I have some old silver fillings which are beginning to look bad. Should they be replaced?
Silver amalgam fillings, which are composed of 50% mercury and 50% silver alloy, will eventually need to be replaced. Amalgam fillings need to be checked regularly for signs of fracture or breakdown at the margin - this allows for bacteria to penetrate under the filling and cause decay. Book a consultation to discuss amalgam removal and we can explain the process to you.
If my tooth fractures, can it be saved and do I have to have the unsightly amalgam again?
These days, the vast majority of teeth that have suffered a fracture can be saved with the advances in dental material technology. We do not use amalgam at West End Dental.
What can be done if my teeth are broken and decayed?
The possibilities for creating a beautiful smile are limitless. Advances in technology now allow us to create stunning smiles even when the original teeth are severely broken down. At West End Dental, we will discuss the full range of options with you.
Q. What is gum disease?
Gum disease affects the foundation of your teeth, primarily the gum and bone supporting your teeth. It is otherwise known as ‘periodontal disease’ and has two common forms:
- Gingivitis - plaque, bacteria and calculus (known as tartar) build up and irritate the gums causing inflammation. The gums may bleed and become red, swollen, and tender.
- Periodontitis – A deeper inflammation which affects the bone holding the teeth in place. If left untreated the bone may be destroyed leaving a space or ‘pocket’ in which more bacteria can collect causing permanent bone loss. If enough bone is lost, the teeth loosen and may eventually be lost.
Q. What warning signs should I look for with gum disease?
The following signs are indications of potential gum disease:
- Bad breath or a bad taste in your mouth
- Bleeding when you brush your teeth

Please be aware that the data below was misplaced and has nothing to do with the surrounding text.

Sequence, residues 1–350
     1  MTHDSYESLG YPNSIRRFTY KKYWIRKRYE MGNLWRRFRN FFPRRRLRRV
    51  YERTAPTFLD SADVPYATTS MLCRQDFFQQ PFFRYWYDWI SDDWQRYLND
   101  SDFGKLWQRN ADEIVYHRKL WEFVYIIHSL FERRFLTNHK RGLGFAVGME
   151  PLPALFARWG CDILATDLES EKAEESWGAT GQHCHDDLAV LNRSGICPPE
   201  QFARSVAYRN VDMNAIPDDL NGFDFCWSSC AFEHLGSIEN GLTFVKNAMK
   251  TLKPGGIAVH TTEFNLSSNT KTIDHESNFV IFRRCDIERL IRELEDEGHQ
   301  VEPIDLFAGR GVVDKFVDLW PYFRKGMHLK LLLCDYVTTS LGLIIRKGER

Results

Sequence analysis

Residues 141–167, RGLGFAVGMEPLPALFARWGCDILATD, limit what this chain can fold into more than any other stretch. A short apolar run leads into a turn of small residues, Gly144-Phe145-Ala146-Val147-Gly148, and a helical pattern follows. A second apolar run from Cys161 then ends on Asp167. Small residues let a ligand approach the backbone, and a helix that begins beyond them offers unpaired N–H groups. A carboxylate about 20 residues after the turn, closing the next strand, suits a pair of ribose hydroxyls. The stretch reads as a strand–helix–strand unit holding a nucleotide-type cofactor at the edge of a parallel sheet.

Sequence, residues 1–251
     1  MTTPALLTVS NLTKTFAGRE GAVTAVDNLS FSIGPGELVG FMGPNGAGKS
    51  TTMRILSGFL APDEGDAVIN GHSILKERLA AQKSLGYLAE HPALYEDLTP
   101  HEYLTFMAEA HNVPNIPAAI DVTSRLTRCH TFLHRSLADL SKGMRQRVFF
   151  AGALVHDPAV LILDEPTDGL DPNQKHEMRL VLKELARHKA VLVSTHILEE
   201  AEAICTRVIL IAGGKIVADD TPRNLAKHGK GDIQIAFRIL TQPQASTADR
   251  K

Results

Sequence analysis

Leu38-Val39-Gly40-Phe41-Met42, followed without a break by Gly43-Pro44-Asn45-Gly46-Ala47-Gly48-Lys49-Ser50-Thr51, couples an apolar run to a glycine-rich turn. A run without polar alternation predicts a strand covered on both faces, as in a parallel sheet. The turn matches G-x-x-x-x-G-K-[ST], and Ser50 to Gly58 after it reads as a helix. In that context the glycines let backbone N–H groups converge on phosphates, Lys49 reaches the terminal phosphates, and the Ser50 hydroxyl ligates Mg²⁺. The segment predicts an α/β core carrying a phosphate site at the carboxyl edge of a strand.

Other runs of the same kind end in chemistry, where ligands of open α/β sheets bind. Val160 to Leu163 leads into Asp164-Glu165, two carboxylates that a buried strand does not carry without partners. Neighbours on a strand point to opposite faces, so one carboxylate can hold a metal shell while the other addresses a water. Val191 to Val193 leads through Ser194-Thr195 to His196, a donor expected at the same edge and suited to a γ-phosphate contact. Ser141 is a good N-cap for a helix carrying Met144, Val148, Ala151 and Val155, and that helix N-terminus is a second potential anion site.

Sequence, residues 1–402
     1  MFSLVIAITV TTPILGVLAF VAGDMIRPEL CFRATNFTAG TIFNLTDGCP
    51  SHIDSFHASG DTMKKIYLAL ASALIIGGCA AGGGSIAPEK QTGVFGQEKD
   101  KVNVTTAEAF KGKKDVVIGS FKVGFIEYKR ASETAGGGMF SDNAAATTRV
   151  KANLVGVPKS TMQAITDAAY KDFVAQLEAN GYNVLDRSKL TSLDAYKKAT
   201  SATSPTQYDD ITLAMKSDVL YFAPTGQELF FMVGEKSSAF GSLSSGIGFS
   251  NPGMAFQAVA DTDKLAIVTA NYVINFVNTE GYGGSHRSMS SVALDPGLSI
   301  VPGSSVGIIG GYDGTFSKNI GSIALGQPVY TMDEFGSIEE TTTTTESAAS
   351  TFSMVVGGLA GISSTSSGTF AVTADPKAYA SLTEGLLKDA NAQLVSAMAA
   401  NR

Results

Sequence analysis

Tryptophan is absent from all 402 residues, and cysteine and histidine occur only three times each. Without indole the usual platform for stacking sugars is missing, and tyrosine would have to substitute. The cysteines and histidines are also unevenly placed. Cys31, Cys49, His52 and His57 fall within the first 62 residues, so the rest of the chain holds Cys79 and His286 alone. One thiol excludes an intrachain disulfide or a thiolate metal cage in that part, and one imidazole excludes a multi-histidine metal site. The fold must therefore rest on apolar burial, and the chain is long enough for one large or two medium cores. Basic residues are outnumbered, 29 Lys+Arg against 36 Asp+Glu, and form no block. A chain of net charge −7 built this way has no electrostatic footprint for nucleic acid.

- Red and swollen gums
- Receding gums
- Sensitive teeth
Loose or moving teeth
Q. My gums don’t hurt – why do I need special gum treatment?
. Most people are not aware that they have gum disease. Like high blood pressure, gum disease is often painless and can be serious. Gum disease is the biggest cause of tooth loss, and we now know has a strong link with our general health. Gum disease is a risk for heart attack, stroke, and pre-term birth, as well as other health conditions.
Q. Does smoking affect my teeth and gums?
Research indicates that smoking significantly increases the risk for oral health problems, such as periodontal disease and oral cancer, as well as other conditions.
Q. Does pregnancy affect my teeth and gums?
Yes. Hormonal fluctuations increase your risk of gum disease, and it is important that you continue to visit the dentist for regular check-ups whilst you are pregnant.
Q. How does home whitening work?
Home whitening employs a specially formulated non acidic gel that is placed into a bleaching tray (custom-fitted to your mouth) which is worn generally for one hour a day for around 7-10 days. The results will vary from patient to patient but generally will lighten your teeth by several shades.
Q. Can I get an over the counter bleaching kit from a pharmacy?
The mass produced whitening systems are inferior. The tray provided in the kit doesn’t control the gel well enough and could cause damage to your gums and teeth.
Q. What can be done for crowded teeth?
You are never too old for orthodontics! We commonly refer patients to an orthodontist for a consultation.
Q. How do I know if I need a root canal treatment?
If a tooth reacts to heat, this can be an indication the nerve in your tooth is dying and needs root treating. Sometimes there are no symptoms, however, signs you may need a root canal include:
- Severe toothache pain upon chewing or application of pressure
- Discoloration (a darkening) of the tooth
- Swelling and tenderness in the nearby gums
Q. If I have a root canal treatment on a tooth will I then need to have the tooth crowned?
This depends on how much of the original tooth is left. A root-treated tooth may not be as strong and durable as a normal tooth. This is especially true for molar teeth, which is why a crown is normally recommended.
Q. If I need to have a tooth crowned will the tooth automatically need a root canal treatment?
No not necessarily. If the fracture is not close to the nerve and the tooth is symptom free, a crown can be placed on the tooth without root treatment.